Car reviews - Ford - Mustang - Cobra convertible
Excellent V8 performance, Mustang image
Room for improvement
Poor driver ergonomics, some quality quibbles
17 Aug 2001
FORD asks a little more for the convertible version of its new Mustang, but the extra cash is well spent if you like being revived by a waft of fresh air on the way home after a particularly hard day at the office, or if the idea of a slow cruise on a warm summer's night has some appeal.
The Mustang belongs at the upper end of the soft-top market where it does battle with the likes of BMW's 330i, Volvo's C70 and Saab's 9-3 - but it does tend to excite a different part of the nervous system to the Europeans.
Like the coupe, it has the raw, blatant punch of the most powerful Ford V8 in the country. It also tends to portray a glitzier image than its highly refined competitors. Forget your climate-controlled air-conditioning, stability control systems and silky five-speed automatic transmissions - the Ford makes do with mere air-conditioning and comes only with a five-speed manual gearbox.
But it has personality enough to visually out-dazzle the rest. Kids stop and ogle, adults gaze admiringly even if they're not sure exactly what this blatantly sexual piece of machinery actually is. If making a statement is the true essence of any car, there's no question what this rorty new convertible is saying.
What Ford is saying is that the Mustang will help revive the sagging image of the company in Australia. It is intended to show that local executives do have some red blood flowing through their veins, that there is still some excitement to be had behind the Blue Oval.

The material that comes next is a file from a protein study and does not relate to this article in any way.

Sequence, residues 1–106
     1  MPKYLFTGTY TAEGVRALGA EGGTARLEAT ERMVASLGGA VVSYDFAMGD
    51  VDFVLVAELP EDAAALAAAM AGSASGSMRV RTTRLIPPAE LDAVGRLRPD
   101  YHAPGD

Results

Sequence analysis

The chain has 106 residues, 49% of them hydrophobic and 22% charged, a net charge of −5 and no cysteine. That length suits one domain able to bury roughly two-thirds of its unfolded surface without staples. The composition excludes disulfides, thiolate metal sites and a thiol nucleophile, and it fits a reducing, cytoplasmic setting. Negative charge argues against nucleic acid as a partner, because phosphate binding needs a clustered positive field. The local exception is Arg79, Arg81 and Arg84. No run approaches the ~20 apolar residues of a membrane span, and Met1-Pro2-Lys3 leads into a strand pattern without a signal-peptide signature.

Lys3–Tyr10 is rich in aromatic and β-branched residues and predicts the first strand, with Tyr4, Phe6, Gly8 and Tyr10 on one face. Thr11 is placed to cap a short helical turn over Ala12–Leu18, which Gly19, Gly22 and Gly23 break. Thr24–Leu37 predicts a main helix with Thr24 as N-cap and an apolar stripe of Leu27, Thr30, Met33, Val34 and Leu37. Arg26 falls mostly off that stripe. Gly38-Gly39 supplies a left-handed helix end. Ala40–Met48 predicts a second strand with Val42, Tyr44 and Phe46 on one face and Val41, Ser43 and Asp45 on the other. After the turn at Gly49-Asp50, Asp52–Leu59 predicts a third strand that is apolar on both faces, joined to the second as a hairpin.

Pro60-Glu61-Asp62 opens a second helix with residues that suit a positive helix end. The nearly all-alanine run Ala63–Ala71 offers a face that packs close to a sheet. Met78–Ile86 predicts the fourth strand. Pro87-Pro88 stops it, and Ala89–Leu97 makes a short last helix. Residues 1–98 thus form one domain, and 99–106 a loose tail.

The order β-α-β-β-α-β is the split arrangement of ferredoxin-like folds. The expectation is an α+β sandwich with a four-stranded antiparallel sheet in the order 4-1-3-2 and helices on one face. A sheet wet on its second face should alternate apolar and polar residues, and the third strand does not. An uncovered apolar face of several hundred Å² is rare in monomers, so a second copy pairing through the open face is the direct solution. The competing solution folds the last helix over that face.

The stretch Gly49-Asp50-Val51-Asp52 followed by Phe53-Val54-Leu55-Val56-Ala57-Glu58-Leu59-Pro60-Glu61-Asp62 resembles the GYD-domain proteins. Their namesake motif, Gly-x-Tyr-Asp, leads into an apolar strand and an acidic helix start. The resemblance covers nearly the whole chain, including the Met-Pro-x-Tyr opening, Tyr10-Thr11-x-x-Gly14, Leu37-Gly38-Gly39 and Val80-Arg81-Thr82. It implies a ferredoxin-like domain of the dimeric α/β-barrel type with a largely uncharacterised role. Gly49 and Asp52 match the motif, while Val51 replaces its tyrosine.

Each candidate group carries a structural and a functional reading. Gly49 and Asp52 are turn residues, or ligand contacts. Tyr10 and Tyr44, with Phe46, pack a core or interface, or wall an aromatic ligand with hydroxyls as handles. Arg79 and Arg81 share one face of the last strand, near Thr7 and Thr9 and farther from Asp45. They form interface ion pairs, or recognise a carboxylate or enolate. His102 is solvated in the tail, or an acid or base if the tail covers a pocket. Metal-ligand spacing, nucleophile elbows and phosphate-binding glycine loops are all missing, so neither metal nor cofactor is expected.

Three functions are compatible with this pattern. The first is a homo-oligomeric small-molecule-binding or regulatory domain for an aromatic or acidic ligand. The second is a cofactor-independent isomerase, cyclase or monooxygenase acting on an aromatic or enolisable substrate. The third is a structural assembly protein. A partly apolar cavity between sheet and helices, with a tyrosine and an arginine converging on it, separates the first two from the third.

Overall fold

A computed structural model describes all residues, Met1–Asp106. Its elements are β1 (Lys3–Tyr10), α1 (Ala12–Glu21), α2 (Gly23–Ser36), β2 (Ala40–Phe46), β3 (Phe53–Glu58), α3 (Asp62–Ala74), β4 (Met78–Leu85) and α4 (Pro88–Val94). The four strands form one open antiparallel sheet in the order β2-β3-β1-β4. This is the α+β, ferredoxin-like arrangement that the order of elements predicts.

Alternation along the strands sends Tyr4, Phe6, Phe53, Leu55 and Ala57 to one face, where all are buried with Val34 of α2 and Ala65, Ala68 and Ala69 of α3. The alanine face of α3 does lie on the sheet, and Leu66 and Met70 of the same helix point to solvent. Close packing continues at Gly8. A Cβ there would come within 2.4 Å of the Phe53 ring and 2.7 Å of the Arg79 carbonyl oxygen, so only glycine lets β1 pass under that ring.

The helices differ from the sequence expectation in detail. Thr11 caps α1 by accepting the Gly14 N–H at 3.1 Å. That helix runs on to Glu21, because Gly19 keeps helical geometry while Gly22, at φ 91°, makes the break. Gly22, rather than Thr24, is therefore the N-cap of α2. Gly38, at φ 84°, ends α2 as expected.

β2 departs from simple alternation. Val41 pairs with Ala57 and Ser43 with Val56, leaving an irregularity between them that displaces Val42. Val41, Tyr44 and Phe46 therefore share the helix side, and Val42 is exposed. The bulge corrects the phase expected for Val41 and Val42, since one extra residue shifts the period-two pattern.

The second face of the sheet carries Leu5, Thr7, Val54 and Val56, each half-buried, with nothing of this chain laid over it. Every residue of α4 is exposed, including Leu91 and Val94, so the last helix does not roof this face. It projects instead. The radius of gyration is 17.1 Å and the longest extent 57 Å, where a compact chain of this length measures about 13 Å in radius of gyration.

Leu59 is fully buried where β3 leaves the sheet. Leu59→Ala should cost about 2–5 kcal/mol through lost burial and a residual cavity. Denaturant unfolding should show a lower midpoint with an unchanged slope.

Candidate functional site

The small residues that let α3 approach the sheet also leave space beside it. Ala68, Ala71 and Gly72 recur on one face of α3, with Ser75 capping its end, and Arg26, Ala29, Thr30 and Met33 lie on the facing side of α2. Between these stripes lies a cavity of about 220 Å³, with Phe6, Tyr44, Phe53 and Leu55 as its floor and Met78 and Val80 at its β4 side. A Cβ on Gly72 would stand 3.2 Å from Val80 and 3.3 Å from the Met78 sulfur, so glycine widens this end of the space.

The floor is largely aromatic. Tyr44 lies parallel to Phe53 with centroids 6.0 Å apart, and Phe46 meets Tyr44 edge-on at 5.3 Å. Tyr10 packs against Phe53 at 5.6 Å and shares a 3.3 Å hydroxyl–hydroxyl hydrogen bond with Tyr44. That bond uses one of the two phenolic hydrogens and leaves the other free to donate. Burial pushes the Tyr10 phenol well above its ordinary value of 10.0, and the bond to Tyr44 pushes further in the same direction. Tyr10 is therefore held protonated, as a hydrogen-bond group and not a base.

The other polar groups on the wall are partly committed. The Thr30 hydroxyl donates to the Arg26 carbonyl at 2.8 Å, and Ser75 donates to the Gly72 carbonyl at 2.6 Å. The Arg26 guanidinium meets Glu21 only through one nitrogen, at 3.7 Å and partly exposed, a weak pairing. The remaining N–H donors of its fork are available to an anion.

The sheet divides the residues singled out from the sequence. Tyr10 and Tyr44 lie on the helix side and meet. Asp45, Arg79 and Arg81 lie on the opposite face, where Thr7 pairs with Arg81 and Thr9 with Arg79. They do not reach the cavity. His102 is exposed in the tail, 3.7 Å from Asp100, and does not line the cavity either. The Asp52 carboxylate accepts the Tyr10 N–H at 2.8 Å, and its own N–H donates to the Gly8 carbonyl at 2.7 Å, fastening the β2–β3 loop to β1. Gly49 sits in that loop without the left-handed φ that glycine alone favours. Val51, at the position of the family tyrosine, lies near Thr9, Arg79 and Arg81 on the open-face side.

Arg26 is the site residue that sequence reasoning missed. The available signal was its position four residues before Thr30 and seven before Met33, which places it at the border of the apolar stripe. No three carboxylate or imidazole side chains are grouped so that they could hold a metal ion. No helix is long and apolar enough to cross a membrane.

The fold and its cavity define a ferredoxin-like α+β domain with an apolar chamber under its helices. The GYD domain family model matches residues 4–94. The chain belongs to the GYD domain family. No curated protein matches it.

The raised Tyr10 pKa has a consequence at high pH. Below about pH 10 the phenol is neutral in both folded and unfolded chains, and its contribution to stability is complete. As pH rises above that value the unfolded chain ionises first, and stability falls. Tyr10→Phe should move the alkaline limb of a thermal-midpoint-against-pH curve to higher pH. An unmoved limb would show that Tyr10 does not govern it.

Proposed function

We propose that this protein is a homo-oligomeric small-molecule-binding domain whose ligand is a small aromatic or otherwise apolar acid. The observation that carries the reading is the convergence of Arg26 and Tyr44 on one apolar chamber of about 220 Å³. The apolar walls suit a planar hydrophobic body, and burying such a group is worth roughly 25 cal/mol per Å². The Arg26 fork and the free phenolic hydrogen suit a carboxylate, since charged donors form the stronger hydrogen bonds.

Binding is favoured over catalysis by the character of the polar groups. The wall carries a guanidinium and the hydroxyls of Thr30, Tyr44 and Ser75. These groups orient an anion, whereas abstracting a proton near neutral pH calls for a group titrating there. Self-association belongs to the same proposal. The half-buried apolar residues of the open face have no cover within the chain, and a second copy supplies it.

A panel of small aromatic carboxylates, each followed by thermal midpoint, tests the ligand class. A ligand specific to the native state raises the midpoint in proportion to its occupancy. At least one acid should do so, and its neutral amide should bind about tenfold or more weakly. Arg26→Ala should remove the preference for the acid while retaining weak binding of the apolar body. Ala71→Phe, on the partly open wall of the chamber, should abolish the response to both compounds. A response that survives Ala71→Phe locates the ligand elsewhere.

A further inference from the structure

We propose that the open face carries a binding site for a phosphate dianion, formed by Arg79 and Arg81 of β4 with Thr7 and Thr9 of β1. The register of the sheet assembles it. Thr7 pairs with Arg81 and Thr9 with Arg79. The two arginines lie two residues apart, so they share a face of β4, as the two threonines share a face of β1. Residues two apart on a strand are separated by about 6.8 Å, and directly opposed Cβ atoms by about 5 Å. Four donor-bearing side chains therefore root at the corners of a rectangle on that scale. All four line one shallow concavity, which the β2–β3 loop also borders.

As the first factory Mustangs to arrive in Australia since the 1960s, the new convertible must be judged as a deserving recipient of the galloping horse badge.
To be sure, not many of the Mustangs created by Ford in North America since the mid-1970s were anything to get excited about. Under pressure from a world economy that indicated things were going to get tougher as oil reserves dwindled, Ford designers floundered around trying to figure how to keep the Mustang relevant.
The car became progressively blander, both in looks and in performance. Even four-cylinder versions were offered, while the looks were more like those of an early Hyundai coupe than an American pony car.
Just in time, in the mid-1990s, Ford made the decision to keep the nameplate going and introduced the Mustang that we know today. Far from being a return to the original styling themes, it was nevertheless a clean, contemporary-looking car free of the blandness that had all-but neutered the name for the better part of 20 years.
Today the Mustang still looks good, if a little dated, and makes a satisfactory basis for bringing the nameplate back to Australia. Even more satisfactory is the decision to bring in only the top-specification Cobra version, complete with a rousing 4.6-litre alloy V8 engine, plus a reworked suspension capable of keeping it all in check.
The Mustang is a captivating car, but there's no doubt it will fail to suit every performance car enthusiast.
Its strengths lie in its image, its superb all-alloy V8 - one of the best performance engines to be seen here for a long time - and, perhaps surprisingly, its dynamic qualities.
Its shortcomings lie basically in its American heritage and in some of the unavoidable compromises that result from changing from left-hand to right-hand drive.
But first, let's talk about the strengths.